Cynthia Erivo gives her all singing classic Aretha tunes in this comprehensive study of the Queen of Soul, but the structure of this TV series is confusing. Director Anthony Hemingway bounces between her childhood in black and white to color, trying to maintain the time reference, but playing fast and loose with the continuity.
This 8-part biopic is part of the Genius Series (Einstein, Picasso) for National Geographic helmed by Producers Brian Grazer and Ron Howard. After a first National Geographic airing, the series will be shown on HULU with double-stacked episodes running 4 nights. The last episodes run on Aretha’s birthday.
Suzan-Lori Parks (The United States vs Billie Holiday, Native Son) is the writer and show runner who was overseeing the production with fits and starts of production during the COVID pandemic. In a panel discussion at the SXSW Festival, Parks admitted that they had to shut down several times which resulted in having to toss and rewrite some scenes to make up for days lost.
Courtney B. Vance captures well Aretha’s charismatic pastor C.L. Franklin as her philandering father. He was not a good guy, but always appreciated and supported his daughter’s talent. Shaian Jordan shows she has the acting and singing chops to play young Aretha. And David Cross is perfect as music producer, Jerry Wexler, who knew how to handle her adamant attitude and talent as she transitions from gospel to soul.
The series also shows how she had a talent for picking the wrong men. The scenes of Aretha with her husband, Ted (Malcolm Barrett), are painful. Barrett plays his mood swings well. One minute he’s romantic and sweet, the next, mean as can be. He was mentally and physically abusive whenever she tried to do her music her own way. All she wanted was a little “R-E-S-P-E-C-T.”
Erivo has already proven herself extremely talented as a singer and actress. She got the part after singing “Ain’t No Way” on a Red Carpet when asked what her go-to song was. Unbeknownst to her, the video of that encounter was sent sent to Grazer and Clive Davis. That sealed it.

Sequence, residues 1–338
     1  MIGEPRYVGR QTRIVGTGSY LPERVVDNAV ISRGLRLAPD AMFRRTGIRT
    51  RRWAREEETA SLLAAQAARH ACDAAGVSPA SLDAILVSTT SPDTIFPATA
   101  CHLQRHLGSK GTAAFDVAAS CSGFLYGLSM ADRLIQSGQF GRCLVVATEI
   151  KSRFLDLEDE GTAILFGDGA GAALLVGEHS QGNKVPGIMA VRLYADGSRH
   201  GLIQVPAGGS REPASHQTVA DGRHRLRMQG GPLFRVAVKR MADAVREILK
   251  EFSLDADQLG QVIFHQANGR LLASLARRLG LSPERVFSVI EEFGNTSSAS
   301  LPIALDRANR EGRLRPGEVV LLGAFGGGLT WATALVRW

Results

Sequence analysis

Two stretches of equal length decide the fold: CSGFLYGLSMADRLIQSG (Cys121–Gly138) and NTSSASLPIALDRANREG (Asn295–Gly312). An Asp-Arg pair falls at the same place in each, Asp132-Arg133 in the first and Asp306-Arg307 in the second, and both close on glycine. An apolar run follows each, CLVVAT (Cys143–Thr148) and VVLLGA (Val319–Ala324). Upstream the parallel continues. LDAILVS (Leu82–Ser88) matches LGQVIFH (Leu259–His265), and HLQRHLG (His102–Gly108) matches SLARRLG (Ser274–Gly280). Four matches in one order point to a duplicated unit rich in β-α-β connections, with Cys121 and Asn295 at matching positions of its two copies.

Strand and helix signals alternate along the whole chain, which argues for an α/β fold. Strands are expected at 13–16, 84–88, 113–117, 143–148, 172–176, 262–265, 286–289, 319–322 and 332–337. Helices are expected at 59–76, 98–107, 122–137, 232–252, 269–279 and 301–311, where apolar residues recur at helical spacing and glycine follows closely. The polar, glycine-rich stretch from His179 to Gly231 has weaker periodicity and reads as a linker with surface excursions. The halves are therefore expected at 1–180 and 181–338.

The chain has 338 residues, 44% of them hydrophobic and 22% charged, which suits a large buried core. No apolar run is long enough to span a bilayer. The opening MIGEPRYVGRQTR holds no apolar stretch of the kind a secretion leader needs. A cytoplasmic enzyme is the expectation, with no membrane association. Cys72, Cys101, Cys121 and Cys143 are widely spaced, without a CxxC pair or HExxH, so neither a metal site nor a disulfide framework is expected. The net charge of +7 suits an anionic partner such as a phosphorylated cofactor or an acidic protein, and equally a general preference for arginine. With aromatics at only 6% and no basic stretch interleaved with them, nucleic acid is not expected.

Erivo belts out Aretha’s gospel tinged soul with all she’s got, which was sometimes a little more screechy than we remembered. Huge fans in our youth, we followed Aretha going to a number of her concerts in Chicago and Dallas. The last time we saw her on-stage was just after her house in Detroit had burned down. And, yes, she carried her pocketbook on stage as seen in Episode 1, to make sure the cash she collected upfront was safe by her side as she performed.
Aretha’s involvement in civil rights is addressed. She was surrounded with civil-rights activists, supporting marches and concerts for Dr. Martin Luther King, Jr. Quoting Aretha in the series, “You got to disturb the peace when you can’t get no peace.” Sounds a lot like “Good Trouble.”
You’ll discover the backstory her life that is troubling, but Aretha just kept rockin’ steady to make hits and sing them her way. The story doesn’t flow as easily as the music which is really the star of this series. Aretha tells it all through her songs from “Chain of Fools,” to “I Never Loved a Man (The Way I Love You), “Rock Steady,” and on to “Ain’t No Way.” Erivo does a credible job in this first production about Aretha to be released this year. Jennifer Hudson’s take on Aretha is coming as a feature film. But you can never get enough of Aretha.
National Geographic 8 episodes TV-14
National Geographic Sunday, March 21st only. HULU starting March 22nd
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